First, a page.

Friday, January 22, 2010

The Red Notebooks: True Stories by Paul Auster

In this collection of vignettes, grouped under four headings, Paul Auster uses what he claims are true stories to illustrate life's shocking coincidences. I think they are meant to show the point of writing--some are gathered under the heading "Why Write?" and one explains why Auster always carries a pencil around. While Auster writes with a beautiful touch, and while some of the stories have gorgeous moments, at other times, the collection veers into the false, the unacceptably improbable, and the cliché.

Shades of Grey: The Road to High Saffron by Jasper Fforde

In this book Jasper Fforde starts a delightful new series, set in a world where people are ranked by their ability to perceive color. As Eddie Russett (who's been banished to East Carmine ostensibly for a prank but also has revolutionary ideas about improving queuing systems) soon learns, however, all is not how it appears, and soon he must choose his alliances and friends carefully. Although you can see how dystopic this society is from a mile away, Fforde's unique sense of humor and love of the eccentric make his satire quite enjoyable--perhaps even better than the Thursday Next series.

Love and Theft: Blackface Minstrelsy and the American Working Class by Eric Lott

This monograph explores the idea that minstrel shows were more than just a reflection of a racist culture. In its deft analysis, this text uses the historical record, the content of the minstrel shows, and Freudian and Marxist strains of thought to explore the possibility that the content of minstrel shows reflected white, working class Americans' attraction to and theft of slave culture. The book does a good job both demonstrating the development and content of these shows and evaluating the class and racial tensions and relationships that made these kinds of entertainment both possible and enjoyable.

Wednesday, January 20, 2010

The Man Who Loved Books Too Much by Allison Hoover Bartlett

In this book a journalist recounts her attempt to get to know a prolific book thief and the bookseller determined to track him down. Although there are lots of helpful details about the methods of thievery and the market in rare books, I found the book repetitive and a bit lack-luster. There was a fair amount of speculation on the habits of collecting, but I would have liked to have seen more. Also, the book started with a story about a rare Kräutterbuch that never really was resolved, and I found that unsettling.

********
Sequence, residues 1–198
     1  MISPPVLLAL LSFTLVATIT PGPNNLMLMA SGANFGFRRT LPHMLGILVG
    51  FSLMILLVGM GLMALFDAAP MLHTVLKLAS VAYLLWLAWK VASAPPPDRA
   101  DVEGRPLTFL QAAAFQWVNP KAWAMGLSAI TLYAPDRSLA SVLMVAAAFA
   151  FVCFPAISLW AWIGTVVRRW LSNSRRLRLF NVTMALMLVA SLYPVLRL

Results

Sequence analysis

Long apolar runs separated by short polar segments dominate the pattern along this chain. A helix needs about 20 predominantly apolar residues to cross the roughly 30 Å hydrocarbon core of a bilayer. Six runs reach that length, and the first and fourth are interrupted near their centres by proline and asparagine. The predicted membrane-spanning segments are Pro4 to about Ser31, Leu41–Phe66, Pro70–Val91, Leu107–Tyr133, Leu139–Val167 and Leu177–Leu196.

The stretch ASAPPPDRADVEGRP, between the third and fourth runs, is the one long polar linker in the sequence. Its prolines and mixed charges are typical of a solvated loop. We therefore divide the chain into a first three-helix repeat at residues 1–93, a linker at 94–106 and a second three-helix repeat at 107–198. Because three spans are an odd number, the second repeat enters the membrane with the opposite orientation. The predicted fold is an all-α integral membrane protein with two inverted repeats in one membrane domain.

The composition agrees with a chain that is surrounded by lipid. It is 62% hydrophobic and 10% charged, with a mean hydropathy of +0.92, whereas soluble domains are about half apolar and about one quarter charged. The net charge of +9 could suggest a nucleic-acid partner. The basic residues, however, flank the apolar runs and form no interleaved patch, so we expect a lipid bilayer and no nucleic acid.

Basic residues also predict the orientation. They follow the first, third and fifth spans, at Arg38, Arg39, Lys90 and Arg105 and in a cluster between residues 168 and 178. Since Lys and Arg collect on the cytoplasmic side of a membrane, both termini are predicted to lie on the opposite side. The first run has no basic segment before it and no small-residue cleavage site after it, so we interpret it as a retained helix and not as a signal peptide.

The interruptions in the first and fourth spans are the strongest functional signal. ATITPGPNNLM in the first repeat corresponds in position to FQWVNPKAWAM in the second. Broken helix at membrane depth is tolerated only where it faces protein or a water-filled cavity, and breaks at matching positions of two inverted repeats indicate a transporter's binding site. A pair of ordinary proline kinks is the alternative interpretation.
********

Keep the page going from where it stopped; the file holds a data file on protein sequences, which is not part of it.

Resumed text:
Monday, January 18, 2010

Enemy Lines I: Rebel Dream by Aaron Alston

In this book members of the old Rebel Alliance start making plans to defeat the Yuuzhan Vong without the help of the New Republic, which has been effectively destroyed after the capture of Coruscant. As one of a two-part duology, it ends mid-stream. I enjoyed the development of Jaina's character. A lot of the military strategies and technology parts got tiresome in this one.

Sunday, January 17, 2010

The Swan Thieves by Elizabeth Kostova

I enjoyed reading this novel. Although most of the action happens in the recent past (insofar as a psychologist's trips to talk to people to understand Robert Oliver, his patient and a skilled artist who attacks a canvas at the National Gallery and then refuses to talk constitues action), the real interest in this book, for me at least, was the story of Béatrice de Clerval, an Impressionist painter who cuts her career mysteriously short. Andrew Marlow, the psychiatrist who narrates the majority of the tale, wasn't entirely sympathetic to me, and I often felt that he was too self-absorbed, at cost to the interest of the rest of the story. Indeed, I'm not sure the set-up is ideal for the story that's being told. Still, I found the Impressionism story very good, as well as the stories told by the two women in Robert Oliver's life. Kostova handles the supense quite well, and the digging necessary to understand the story is quite pleasurable.

I heard Kostova read the Prologue and answer questions about this book. She spoke quite eloquently to the challenges of writing, both generally, and in writing about artists.

A Play of Treachery by Margaret Frazer

In this book we see Joliffe in France while he's being trained as a spy. Although I generally enjoy the rest of Joliffe's troupe, the mysteries surrounding their travels were getting a bit repetitive. In addition to his training, Joliffe is working as a spy in Rouen, the site where England's power in France is massed. He must solve a murder, gets a bit of romance, and uncovers personal secrets that have bearing on affairs of state. This story helps connect the Joliffe we meet early in the Dame Frevisse books to the one who appears in her later stories.